Mara

I’ve begun my next project, due in a few weeks. The first one I’m working on is a retelling of The Little Mermaid. This story is The Sad Siren or The Little Siren… not quite sure the title yet.

Assignment: Compose a horror variation on a well-known fairy tale.

Idea: The Little Mermaid and The Beauty and the Beast. This article focuses on The Little Mermaid.

Step #1: Something unusual/unique.

 

Here are the opening words of my version of The Little Mermaid:

 

When the earth was new and the sea was young, Man took life from the sea so that they may eat and live. But all things come with a price. With the first blood spilled by the hands of Men, the Sea called out and said, “My fish and my food you may have, but at a price you must pay with your life.”
With these words, the Sea created maidens with voices so clear, so pure as to lure Man to his grave. Sea then charged these maidens with the task of protecting the lives men hunted in the waters of Sea. With the crystal voices and unsurpassed beauty of his maidens, Sea worked with storms to lure Men to their death with song.

And thus began the age when Man ventured into the sea to eat, and the Sea tried its best to kill Man.

 

Step #2: Names, place, time

I love words, linguistics, and etymology…so I go to the root of Sea, Mer, Mar for the name. Mara comes to mind and I Google it.

Names:

Mara

Mara (Sanskrit: मार, Māra; Chinese: 天魔; pinyin: Tiānmó; Tibetan Wylie: bdud; Khmer: មារ; Burmese: မာရ်နတ်; Thai: มาร; Sinhalese: මාරයා), in Buddhism, is the demon that tempted Gautama Buddha by trying to seduce him with the vision of beautiful women who, in various legends, are often said to be Mara’s daughters.[1] In Buddhist cosmology, Mara is associated with death, rebirth and desire.[2]Nyanaponika Thera has described Mara as “the personification of the forces antagonistic to enlightenment.”[3]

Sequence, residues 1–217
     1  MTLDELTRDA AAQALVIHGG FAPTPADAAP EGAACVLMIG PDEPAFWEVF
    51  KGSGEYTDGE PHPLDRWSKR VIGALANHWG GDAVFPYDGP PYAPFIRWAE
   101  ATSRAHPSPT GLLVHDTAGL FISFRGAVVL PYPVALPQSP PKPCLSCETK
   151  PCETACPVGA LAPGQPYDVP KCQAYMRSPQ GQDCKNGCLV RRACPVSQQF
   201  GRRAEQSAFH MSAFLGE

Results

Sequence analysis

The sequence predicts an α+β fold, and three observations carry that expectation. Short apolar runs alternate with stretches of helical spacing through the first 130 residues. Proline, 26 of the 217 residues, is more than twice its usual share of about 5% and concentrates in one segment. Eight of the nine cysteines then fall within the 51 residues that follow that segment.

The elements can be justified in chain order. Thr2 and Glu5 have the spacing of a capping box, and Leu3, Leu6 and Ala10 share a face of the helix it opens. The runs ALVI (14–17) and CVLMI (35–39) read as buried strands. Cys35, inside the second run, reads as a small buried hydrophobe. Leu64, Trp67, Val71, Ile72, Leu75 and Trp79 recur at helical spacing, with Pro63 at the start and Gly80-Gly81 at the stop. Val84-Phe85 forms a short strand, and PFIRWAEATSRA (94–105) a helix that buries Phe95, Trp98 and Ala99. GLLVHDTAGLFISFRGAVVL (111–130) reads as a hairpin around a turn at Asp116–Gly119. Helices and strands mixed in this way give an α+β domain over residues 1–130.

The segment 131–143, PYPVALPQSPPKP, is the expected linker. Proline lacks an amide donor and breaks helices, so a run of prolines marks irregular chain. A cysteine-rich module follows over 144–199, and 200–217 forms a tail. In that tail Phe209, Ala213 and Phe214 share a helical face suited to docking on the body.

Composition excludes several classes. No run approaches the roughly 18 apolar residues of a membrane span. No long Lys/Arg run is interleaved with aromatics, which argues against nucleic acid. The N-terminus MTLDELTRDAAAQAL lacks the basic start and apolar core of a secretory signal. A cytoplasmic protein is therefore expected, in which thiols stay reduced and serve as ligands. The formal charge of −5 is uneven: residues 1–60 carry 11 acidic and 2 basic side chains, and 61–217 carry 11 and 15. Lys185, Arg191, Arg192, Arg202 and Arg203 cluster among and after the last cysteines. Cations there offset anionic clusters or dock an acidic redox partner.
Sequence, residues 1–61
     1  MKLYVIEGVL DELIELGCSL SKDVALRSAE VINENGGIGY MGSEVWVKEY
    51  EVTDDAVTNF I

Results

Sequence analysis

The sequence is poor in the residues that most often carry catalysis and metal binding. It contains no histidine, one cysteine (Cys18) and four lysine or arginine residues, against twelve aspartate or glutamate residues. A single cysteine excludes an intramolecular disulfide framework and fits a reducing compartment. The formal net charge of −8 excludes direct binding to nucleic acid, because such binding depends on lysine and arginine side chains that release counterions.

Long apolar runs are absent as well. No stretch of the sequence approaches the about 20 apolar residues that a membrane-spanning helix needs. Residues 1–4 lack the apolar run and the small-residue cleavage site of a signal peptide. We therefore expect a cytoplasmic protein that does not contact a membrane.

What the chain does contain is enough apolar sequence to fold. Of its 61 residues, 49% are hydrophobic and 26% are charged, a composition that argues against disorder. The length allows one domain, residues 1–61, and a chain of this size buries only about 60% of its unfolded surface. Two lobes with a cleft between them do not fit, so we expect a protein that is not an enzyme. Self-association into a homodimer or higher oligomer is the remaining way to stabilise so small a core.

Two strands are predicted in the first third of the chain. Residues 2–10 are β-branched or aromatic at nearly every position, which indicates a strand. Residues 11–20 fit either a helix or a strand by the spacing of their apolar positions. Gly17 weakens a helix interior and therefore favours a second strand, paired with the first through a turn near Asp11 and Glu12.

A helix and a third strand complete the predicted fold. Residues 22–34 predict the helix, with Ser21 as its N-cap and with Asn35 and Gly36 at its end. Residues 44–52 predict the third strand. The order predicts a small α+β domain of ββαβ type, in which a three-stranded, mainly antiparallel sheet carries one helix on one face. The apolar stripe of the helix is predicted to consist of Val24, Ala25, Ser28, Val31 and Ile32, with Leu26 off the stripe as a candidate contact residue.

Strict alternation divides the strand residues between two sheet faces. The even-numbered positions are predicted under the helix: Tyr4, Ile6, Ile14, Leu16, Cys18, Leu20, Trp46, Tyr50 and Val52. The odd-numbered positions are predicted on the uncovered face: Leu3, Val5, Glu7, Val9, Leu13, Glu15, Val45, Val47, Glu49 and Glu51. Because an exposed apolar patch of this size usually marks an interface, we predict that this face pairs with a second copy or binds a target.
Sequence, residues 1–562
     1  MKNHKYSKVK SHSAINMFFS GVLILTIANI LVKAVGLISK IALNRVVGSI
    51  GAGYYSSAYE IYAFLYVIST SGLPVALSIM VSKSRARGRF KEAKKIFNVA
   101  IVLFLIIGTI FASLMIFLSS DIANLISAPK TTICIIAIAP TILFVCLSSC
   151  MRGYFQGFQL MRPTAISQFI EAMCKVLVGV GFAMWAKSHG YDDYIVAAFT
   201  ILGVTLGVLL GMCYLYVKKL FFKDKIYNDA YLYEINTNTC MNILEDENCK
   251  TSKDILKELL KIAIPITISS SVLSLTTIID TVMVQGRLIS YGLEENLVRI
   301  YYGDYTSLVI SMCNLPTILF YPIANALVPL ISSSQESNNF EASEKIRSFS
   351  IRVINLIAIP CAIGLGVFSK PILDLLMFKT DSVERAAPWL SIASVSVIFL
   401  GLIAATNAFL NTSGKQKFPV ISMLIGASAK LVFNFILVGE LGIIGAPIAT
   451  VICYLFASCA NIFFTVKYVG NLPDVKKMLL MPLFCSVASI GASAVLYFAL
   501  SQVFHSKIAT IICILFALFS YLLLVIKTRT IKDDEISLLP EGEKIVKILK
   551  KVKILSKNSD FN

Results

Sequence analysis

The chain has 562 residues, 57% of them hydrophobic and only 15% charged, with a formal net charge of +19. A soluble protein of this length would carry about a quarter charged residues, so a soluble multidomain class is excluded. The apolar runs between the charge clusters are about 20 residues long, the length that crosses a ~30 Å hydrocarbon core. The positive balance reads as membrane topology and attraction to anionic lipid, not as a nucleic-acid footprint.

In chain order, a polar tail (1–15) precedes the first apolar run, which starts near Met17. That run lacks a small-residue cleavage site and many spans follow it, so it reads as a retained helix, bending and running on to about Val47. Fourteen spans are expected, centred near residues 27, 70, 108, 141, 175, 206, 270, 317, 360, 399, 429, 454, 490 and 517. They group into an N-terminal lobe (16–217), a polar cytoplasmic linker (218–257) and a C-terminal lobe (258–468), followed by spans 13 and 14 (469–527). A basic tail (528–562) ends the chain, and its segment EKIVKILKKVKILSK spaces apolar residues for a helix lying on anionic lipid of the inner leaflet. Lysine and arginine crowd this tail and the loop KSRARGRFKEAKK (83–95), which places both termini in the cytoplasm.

The word “Māra” comes from the Proto-Indo-European root *mer meaning to die.[4] The Sanskrit form of the verbal root is √mṛ. It takes a present indicative form mṛyate and a causative form mārayati (with strengthening of the root vowel from ṛ to ār). Māra is a verbal noun from the causative root and means ‘causing death’ or ‘killing’.[4] It is related to other words for death from the same root, such as: maraṇa and mṛtyu. The latter is a name for death personified and is sometimes identified with Yama.

 

I could not ask for a more suitable name. I initially thought of it because of “Mer” and the Norse/Irish roots of “Mara” meaning Death and Dream, which gave root to “Nightmare” Death Dream.

My mermaid is “Mara,” which is the name shared by all by mermaids.

 

I chose James because it strikes me as the classic name of the 1700’s. I see this as mid-1700’s. The age of galleons and ships. I’m also pulling a lot from The Phantom Ship, which does a lot to inspire me at the moment.

 

So, we have James and Mara on board a vessel in the mid-1700’s… Like stick with the original story… in ode to its author. Danish It’s a Danish ship. Denmark. James Anderson is our sailor. Named after Hans Christian Anderson.

 

Now, character profiles!

 

 

About the Author: Angela

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